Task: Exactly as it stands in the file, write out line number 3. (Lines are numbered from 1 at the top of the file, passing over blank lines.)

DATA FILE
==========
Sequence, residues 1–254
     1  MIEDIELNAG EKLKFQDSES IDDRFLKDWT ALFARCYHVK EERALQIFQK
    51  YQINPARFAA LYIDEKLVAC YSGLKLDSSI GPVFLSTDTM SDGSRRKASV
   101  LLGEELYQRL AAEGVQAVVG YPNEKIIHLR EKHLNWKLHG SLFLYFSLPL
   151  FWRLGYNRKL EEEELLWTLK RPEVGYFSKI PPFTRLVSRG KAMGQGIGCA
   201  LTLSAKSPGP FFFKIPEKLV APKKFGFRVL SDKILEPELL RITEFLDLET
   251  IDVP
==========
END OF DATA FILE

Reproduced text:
    51  YQINPARFAA LYIDEKLVAC YSGLKLDSSI GPVFLSTDTM SDGSRRKASV